The threats to British resilience fall into two camps. First, and I would argue far more likely, and damaging, are the natural threats with which human society has lived, sometimes unwittingly, for millennia. Second, from man-made factors such as competition and what Presentists often frame as ‘hybrid’ or ‘sub-threshold’ warfare. In addition to the very real effects of climate change, such as flooding, we need to be alive to the threat from Space. In 1859 a solar coronal mass ejection hit the Earth inducing the largest geomagnetic storm on record. Known as the Carrington Event it was little more than an atmospheric curiosity to our Victorian forebears, but should a similar event occur in our post-modern world, the electromagnetic pulse created would fry the orbiting satellites upon which our World depends for global positioning, precision timing, and communications and the surface based circuitry and wiring on which we depend for the generation of electricity and its transit. Imagine our World without electricity and everything driven and controlled by it for weeks or months on end!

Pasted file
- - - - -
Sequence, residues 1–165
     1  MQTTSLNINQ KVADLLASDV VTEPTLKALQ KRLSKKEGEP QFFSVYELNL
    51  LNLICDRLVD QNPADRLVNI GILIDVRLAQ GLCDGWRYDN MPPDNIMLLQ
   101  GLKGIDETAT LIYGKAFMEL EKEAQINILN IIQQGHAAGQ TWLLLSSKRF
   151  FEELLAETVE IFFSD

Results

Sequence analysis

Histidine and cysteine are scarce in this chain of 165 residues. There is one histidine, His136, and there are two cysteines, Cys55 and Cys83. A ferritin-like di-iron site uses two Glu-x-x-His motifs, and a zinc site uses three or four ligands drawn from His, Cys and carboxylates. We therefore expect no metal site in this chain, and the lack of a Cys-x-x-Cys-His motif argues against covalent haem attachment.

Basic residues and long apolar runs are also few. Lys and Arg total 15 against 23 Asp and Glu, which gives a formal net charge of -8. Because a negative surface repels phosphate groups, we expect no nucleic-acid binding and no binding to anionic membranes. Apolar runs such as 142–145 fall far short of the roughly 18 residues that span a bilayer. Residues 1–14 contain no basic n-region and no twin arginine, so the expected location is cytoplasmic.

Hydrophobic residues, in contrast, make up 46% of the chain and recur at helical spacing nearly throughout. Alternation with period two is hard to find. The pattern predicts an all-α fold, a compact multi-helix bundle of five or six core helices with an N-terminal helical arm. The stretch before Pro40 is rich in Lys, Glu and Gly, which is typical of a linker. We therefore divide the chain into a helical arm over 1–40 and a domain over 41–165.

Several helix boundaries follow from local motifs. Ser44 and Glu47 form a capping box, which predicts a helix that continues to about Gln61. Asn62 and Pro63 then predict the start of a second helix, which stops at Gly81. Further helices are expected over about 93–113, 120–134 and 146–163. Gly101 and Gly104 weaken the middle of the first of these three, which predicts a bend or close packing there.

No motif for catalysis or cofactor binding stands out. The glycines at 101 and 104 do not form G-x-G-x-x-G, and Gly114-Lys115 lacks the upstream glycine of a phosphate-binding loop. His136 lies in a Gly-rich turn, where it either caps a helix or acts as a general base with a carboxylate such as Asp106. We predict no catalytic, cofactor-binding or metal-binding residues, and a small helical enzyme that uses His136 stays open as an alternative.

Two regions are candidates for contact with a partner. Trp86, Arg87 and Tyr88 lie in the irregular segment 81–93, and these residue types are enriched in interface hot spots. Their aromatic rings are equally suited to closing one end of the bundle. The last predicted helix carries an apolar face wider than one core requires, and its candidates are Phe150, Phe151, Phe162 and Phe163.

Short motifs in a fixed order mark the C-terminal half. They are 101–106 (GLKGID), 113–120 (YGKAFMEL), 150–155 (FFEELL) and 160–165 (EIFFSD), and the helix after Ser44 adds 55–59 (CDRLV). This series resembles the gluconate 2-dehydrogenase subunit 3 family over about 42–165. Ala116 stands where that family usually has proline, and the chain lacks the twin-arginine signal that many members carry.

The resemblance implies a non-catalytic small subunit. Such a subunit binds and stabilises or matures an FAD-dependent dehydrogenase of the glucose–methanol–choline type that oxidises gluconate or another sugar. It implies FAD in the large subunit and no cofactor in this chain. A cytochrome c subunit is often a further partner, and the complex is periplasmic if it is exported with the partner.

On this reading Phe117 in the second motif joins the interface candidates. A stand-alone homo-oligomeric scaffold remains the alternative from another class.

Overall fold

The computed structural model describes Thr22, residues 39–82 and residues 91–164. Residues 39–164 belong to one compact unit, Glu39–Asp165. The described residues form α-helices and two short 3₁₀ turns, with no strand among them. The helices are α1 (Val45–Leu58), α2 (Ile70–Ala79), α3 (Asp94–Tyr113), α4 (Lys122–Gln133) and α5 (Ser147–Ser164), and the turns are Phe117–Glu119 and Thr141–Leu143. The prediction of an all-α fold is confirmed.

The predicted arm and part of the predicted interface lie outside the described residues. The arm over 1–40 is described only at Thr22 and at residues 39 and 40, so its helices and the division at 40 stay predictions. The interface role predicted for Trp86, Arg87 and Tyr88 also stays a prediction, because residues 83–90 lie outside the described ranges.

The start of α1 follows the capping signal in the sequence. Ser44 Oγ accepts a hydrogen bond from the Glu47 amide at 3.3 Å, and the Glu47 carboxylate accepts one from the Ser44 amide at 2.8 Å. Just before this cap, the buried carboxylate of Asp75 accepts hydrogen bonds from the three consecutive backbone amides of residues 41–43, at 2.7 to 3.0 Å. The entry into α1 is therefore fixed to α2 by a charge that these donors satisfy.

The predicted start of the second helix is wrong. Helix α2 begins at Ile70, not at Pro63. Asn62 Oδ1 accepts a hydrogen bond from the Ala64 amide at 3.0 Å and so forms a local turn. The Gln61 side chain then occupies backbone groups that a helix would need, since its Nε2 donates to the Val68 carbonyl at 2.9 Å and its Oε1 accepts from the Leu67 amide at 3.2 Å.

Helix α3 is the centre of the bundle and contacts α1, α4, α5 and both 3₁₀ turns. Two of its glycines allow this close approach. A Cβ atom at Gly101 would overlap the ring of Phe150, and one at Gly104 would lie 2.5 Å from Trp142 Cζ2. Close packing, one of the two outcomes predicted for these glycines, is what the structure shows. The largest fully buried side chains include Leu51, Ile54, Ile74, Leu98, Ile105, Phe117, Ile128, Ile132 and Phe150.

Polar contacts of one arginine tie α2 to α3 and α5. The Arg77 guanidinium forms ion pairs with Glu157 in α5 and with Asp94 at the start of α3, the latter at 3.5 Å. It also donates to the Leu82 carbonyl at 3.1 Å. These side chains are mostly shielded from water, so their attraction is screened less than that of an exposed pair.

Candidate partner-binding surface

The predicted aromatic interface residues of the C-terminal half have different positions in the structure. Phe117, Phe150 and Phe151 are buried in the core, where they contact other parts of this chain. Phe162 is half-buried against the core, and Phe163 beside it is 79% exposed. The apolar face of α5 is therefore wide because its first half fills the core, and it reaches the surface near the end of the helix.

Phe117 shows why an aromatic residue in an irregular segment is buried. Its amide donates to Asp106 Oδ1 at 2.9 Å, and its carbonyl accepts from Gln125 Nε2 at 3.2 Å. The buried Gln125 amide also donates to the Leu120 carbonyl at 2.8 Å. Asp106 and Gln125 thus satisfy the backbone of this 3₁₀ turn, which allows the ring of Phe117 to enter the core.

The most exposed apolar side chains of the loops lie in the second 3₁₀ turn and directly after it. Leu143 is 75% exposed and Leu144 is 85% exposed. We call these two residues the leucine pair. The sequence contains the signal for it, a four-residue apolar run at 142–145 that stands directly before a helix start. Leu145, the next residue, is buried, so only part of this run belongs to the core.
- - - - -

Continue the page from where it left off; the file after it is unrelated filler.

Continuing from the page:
While climate change and space weather are the most likely threats we are facing, they are not the only threats. In the last fifteen years or so, Europe has been troubled by the perceived threat of a resurgent Russia and the more distant challenge of China, the more pressing of the two has been framed as Putin’s Russia. That Russia has attempted to regain its great power status is undeniable, that it has done so through illegal and often military means is also without argument, but its behaviour is neither novel nor is it something of which the West is entirely blameless. The ‘Grey Zone’, which allows Russian sabotage, espionage, and influence to flourish, is encouraged by both Western political timidity and a failure to address the changing character of war. That is, however, somewhat tangential, Russia’s use of cyber weaponry, military force, political manipulation, and direct action in pursuit of its foreign policy does represent a real danger to countries like the United Kingdom. Arguably, the threat of cyber is somewhat overstated; cyber activity is only effective at a limited, tactical level because to use it at a more strategic level would invite retaliation leading to a kind of spiral reminiscent of the Mutually Assured Destruction of the Cold War. So long as the UK commands a strong offensive cyber capability, it has little to fear from a Russian first strike capability.